Starting with the bell in the rack, the bell is pushed away to the side slightly, the swung down to the other side in front of the body, and reversed back up into the rack. A variation of the press where the other arm assists by pushing open palm against the ball.
Stand on one leg and hold the kettle bell with the opposite arm. By then lowering and raising the kettle bell you can work stabilization and power.
A press utilizing a bent-leg windmill position to lift heavier weight than is otherwise possible. One bell is rowed to the chest while maintaining the plank position, then returned to the ground and repeated with the other arm.
Alternatively performed with a single kettle bell, one arm at a time. This requires more control than an ordinary push up and results in a greater range of motion.
Feet may be elevated to increase the difficulty, until the trainee is performing a handstand push-up on the kettle bells. In any movement involving the rack or overhead position, the kettle bell can be held with the ball in an open palm (sometimes called the waiter hold) for a greater stabilization challenge, or for even more precise control and added grip challenge, the bottom-up hold, squeezing the kettle bell by the handle upside-down.
Holding a single kettle bell in the rack position bottom-up with two hands (“by the horns”) makes for goblet exercise variants. Conventional swing: The kettle bell is swung from just below the groin to somewhere between the upper abdomen and shoulders, with arms straight or slightly bent, the degree of flexion depends on the trajectory of the kettle bell.
Hang clean: The kettle bell is held in the rack position (resting on the forearm in the crook of the elbow, with the elbow against the chest), lowered to below the knees, and then thrust back up in to the rack. The kettle bell is held in one hand, lowered to behind the knees via hip hinge, swung to an overhead position and held stable, before repeating the movement.
Jerk: As a push press, but with two dips, for more leg assistance (as in the barbell clean and jerk) Thruster: A rack squat with a press at the top using momentum from the squat. Pistol squat: A single-leg squat with one leg held straight in front parallel to the ground, holding the bell in the goblet or rack position.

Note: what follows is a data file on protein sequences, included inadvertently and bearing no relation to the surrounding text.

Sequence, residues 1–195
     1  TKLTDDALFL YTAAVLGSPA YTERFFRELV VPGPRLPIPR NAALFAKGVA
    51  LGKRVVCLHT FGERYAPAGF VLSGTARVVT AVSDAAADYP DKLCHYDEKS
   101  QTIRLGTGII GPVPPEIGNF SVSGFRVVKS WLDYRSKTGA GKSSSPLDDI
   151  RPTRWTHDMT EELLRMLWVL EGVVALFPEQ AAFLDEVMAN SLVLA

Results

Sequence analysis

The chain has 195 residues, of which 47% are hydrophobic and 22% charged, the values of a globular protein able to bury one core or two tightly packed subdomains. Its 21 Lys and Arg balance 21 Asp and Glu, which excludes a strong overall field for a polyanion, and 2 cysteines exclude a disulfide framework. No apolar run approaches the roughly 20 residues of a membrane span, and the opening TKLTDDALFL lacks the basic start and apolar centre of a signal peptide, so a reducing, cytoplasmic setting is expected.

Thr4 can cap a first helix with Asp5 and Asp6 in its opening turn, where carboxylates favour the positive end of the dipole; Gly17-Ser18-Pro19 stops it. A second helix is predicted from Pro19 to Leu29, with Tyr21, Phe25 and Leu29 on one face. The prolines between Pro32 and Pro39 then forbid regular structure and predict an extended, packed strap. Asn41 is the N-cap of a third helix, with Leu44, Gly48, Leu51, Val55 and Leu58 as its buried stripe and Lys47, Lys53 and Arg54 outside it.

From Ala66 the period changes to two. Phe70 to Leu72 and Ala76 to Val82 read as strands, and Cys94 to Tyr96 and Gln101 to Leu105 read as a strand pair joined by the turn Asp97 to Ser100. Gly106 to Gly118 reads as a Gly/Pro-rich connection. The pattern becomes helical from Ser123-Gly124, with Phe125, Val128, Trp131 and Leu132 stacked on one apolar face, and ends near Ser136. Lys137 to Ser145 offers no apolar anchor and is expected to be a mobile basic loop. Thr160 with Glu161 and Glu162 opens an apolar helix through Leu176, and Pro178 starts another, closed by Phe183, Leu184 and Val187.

An easier variant for those with less hip mobility is to perform the squat parallel to a step or ledge, so that the foot of the free leg can dip beneath the pushing leg at the bottom. Carry: Walking with the kettle bell held in various positions, such as suitcase, rack, goblet, or overhead.
Row: While bent over anywhere from 45 degrees to parallel with the ground, the kettle bell is held hanging from a straight arm, pulled up to the hips or laterally, and lowered again. Keeping the bell arm vertical, the upper body is bent to one side and rotated until the other hand is touching the floor.
The single kettle bell version is called the suitcase walk. These build grip strength while challenging your core, hips, back and traps.
The kettle bell is swung from just below the groin to somewhere between the upper abdomen and shoulders, with arms straight or slightly bent, the degree of flexion depends on the trajectory of the kettle bell. The key to a good kettle bell swing is effectively thrusting the hips, not bending too much at the knees, and sending the weight forwards, as opposed to squatting the weight up, or lifting with the arms.
The one-arm swing presents a significant anti-twisting challenge, and can be used with an alternating catch switching between arms. Within those variations there are plenty more variations, some are, but not limited to: pace, movement, speed, power, grip, the direction of thumb, elbow flexion, knee flexion.